WASHINGTON _ One day after the National Institutesof Health (NIH) announced the discovery that manyEastern European Ashkenazi Jews have a mutation in theBRCA1 breast cancer gene for which screening is readilyavailable, a panel of experts told Congress to examine theissues surrounding genetic testing carefully beforelegislating a national health policy that, in the long run,could adversely affect genetic screening.
The NIH announcement on Thursday (See BioWorldToday, Sept. 29, 1995, p. 1) had particular resonance forcongressional Cancer Caucus Co-Chair Dianne Feinstein(D-Calif.). Reflecting on the history of breast cancer inher family, she asked rhetorically if several members ofher family should be screened for the gene mutation. Co-chair Connie Mack (R-Fla.), whose family also has a highincidence of cancer, noted the far-reaching ramificationson the employability and insurability of his familymembers because of their genetic predisposition.
The Friday morning meeting was called by the CancerCaucus _ a group of self-appointed legislators interestedin cancer research _ purely as an informational session.
One of the nation's largest genetic screening companiesurged a deliberate approach to national policy. ElliottHillback, president of Integrated Genetics Inc., ofFramingham, Mass., told the caucus on Friday that adelineation of the appropriate federal role will take time.
"The evolution of genetic diagnostics is an iterativeprocess that needs a high level of flexibility to cope withconstant change," he said. "Test validation, laboratoryperformance and genetic information must all beaddressed in appropriate ways but excessive federalregulation must be avoided."
Integrated Genetics, which operates 12 genetic testinglaboratories around the country and offers an array ofdiagnostic and genetic counseling services, advocates agovernmental laissez faire approach to test developmentand monitoring.
"Placing additional regulatory requirements on theprocess at this time could undermine the investmentrequired to make these potential clinical benefits a timelyreality," Hillback said. "Existing voluntary collaborationsbetween the commercial and academic laboratories andresearchers work well and have successfully moved testslike those for cystic fibrosis and Huntington's disease intogeneral use." He predicted that cancer screening canlikewise be moved into general use.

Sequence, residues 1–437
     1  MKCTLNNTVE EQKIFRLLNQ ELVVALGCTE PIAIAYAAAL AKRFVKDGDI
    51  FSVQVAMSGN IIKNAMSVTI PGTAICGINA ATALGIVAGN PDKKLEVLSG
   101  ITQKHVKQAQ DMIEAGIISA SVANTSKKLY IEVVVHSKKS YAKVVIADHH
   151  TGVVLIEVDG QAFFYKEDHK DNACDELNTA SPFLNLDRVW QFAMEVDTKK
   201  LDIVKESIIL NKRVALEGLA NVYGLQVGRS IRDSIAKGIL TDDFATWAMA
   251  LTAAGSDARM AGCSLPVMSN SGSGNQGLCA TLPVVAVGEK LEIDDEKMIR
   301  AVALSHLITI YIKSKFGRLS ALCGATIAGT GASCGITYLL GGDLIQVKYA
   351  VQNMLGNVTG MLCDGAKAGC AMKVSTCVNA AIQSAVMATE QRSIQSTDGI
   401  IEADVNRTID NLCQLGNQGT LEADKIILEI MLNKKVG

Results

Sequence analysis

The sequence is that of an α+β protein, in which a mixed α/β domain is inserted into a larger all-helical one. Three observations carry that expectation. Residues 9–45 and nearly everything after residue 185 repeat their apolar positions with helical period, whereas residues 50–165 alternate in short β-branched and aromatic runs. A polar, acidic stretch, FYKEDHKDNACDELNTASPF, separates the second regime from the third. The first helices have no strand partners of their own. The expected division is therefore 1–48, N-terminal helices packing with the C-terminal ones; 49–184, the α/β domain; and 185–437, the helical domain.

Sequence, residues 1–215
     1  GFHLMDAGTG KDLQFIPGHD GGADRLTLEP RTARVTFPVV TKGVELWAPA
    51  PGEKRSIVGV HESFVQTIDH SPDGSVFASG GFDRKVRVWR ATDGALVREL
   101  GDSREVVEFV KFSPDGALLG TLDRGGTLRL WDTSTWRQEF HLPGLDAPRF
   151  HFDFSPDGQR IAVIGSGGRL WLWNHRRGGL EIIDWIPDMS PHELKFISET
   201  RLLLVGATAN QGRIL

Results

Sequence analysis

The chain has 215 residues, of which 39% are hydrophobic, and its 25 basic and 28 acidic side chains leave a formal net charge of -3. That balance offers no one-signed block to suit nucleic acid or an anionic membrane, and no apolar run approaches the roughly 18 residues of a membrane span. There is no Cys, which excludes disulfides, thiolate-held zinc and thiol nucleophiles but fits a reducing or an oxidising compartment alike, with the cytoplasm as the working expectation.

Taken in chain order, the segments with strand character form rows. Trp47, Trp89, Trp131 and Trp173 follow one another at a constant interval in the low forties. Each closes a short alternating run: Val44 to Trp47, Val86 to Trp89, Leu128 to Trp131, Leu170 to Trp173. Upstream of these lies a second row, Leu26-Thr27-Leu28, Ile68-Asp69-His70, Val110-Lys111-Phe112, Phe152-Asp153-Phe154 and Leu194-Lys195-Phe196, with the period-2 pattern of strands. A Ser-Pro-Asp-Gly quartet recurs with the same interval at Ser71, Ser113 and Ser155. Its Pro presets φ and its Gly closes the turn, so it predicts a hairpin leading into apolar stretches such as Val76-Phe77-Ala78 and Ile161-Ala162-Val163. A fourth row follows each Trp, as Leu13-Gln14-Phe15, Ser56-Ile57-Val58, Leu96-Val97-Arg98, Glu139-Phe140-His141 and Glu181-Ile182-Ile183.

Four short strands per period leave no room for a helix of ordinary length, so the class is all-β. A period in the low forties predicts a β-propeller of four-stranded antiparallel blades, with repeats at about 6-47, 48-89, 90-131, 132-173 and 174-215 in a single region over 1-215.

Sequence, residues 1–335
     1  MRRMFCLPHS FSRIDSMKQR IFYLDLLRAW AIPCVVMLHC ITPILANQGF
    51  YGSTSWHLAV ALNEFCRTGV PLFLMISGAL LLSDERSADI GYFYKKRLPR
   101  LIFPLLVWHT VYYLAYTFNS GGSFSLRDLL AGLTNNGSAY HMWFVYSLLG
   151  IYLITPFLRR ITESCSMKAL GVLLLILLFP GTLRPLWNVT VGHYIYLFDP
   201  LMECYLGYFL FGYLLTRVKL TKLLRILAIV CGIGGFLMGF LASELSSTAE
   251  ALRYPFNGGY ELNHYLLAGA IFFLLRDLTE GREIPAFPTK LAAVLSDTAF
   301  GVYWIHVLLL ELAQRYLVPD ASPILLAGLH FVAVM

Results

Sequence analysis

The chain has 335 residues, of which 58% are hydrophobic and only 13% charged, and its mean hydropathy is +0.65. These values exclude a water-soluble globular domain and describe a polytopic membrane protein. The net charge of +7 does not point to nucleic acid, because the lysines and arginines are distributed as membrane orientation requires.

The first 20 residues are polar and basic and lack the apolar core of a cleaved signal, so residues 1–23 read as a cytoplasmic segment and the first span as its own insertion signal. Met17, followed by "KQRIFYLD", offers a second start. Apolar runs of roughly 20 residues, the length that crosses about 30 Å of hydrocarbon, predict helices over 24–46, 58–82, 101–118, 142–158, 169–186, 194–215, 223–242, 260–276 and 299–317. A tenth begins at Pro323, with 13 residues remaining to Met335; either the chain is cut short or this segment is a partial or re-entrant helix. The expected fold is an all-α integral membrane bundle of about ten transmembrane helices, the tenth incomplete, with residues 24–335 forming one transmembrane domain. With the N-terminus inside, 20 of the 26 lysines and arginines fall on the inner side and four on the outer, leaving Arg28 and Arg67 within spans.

However, Hillback advocated a role for government toprohibit health insurers from excluding individualsbecause of pre-existing conditions and curbing benefitsthrough a variety of exclusions and lifetime caps onbenefits.
While Hillman did not address the issue of whether thefederal government has a role in ensuring theconfidentiality of genetic testing, the issue is critical tothe health insurance industry. Harvie Raymond, assistantvice president of the Health Insurance Association ofAmerica (HIAA), of Washington, told the caucus thatinsurers need access to genetic testing so that they willnot "be at a disadvantage and at financial risk if they donot have access to the same information as applicants."
HIAA is concerned that genetic testing would exacerbatethe problems associated with adverse selection, aphenomenon in which sick patients who consume morehealth resources congregate in individual health insuranceplans that have mandatory open enrollment.
"If insurance carriers are required to accept allindividuals, those who have existing medical problemsare more likely than those who are not able to availthemselves of the opportunity to buy it. As a result, theaverage cost for people in the individual insurance poolwill rise, driving up premiums for individual healthinsurance, including those who currently have coverage,"Raymond said.
This in turn will force those who can no longer affordhealth insurance to drop their coverage. The subsequentloss of these healthier individuals from the pool willcause premiums to edge upward, causing a spiral that in ashort time will make the cost of individual coverageunaffordable, Harvey said.
While Congress has not enacted any prohibitions on theuse of genetic information, the possibility of misuse ofgenetic information by insurers has prompted severalstates to enact privacy laws. Several states now prohibitinsurers from denying coverage based on genetic testsresults. Others prohibit insurers from using thisinformation to establish premiums, charge differentialrates or limit benefits.
Frances Collins, director of the National Center forHuman Genome Research in Bethesda, Md., told thecaucus that genetic research will be deterred if healthinsurers or employers discriminate against individualsbased on genetic information. n
-- Michele L. Robinson Washington Editor
(c) 1997 American Health Consultants. All rights reserved.